Operating Differential Subsidies -- Paid to U.S. ship companies to make up the difference between their labor and operating costs and those of foreign lines, which are two to six times less expensive. $7.3 billion paid since 1936. Cost $380 million last year.

Title 11 Loan Guarantees -- The government backs private bonds floated for ship construction, up to 85 percent of cost, and pays off the loans in event of default. $11 billion in loans guaranteed since 1938; more than $7 billion still outstanding.

Construction Differential Subsidies -- Paid to ship operators for up to half the cost of having ships built in the United States. $3.8 billion paid since 1936; program suspended in 1981.

Build-Abroad Authority -- A one-time exemption in 1981-82 that allowed companies to receive operating subsidies for ships built abroad. Thirty-six ships were approved; Reagan administration wants to make program permanent.

Cargo Preference -- A 1954 law that reserves half of all government cargo for U.S.-flag ships, with federal agencies making up difference between U.S. and foreign shipping costs. Most prominent program affected is Food for Peace. A 1904 law also requires all U.S. military cargo to be moved on American ships.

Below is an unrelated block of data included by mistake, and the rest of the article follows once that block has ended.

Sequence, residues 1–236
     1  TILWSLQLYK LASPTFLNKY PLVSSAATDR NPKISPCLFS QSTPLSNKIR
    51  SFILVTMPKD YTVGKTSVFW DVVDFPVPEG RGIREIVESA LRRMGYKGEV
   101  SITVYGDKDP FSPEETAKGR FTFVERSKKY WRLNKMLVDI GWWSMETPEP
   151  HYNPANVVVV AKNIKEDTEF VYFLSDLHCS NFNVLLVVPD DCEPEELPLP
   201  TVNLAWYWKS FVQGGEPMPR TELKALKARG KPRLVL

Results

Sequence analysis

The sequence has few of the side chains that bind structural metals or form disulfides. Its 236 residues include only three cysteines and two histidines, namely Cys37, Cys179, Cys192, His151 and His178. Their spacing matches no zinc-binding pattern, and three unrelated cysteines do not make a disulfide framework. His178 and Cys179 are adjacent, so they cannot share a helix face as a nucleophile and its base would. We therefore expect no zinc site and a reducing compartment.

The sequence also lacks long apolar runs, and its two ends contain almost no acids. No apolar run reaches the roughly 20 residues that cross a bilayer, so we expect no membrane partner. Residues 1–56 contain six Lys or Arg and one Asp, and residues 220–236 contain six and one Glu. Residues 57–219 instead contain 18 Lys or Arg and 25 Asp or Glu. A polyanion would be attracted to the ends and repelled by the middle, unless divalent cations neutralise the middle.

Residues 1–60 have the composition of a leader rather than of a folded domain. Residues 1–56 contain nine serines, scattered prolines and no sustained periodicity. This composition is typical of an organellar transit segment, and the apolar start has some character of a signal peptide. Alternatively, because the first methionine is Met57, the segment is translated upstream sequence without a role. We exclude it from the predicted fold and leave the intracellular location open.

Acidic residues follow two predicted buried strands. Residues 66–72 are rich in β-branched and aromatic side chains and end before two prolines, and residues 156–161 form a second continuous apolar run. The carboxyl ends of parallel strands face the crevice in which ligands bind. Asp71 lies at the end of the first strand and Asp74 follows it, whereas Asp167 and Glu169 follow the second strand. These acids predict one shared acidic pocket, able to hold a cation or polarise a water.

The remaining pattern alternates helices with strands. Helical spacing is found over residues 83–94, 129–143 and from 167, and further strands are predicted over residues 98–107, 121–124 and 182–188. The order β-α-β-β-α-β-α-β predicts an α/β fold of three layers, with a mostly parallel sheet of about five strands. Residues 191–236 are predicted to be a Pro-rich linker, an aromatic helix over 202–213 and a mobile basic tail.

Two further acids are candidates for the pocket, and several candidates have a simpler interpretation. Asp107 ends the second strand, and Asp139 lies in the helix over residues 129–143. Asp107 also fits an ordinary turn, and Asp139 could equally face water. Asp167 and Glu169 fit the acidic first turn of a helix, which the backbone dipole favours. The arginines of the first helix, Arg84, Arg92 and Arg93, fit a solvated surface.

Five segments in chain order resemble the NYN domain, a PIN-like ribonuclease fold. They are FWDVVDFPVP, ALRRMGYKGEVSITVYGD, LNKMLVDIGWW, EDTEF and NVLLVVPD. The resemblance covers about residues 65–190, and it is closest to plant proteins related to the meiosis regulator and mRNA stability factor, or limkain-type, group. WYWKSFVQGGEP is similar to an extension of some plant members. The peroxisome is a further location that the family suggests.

Jones Act -- A 1920 law that reserves all cargo carried between two U.S. ports for American ships. Major cargo is now shipments of Alaskan oil.

Capital Construction Fund -- Ship companies allowed to defer paying taxes on money deposited in the fund if withdrawals are used build or modernize U.S. ships. $3.7 billion deposited since its creation in 1971 and $2.8 billion withdrawn.

War Risk Insurance -- The Maritime Administration insures ships, cargo and seamen against risks resulting from warlike actions when reasonably priced private insurance is not available.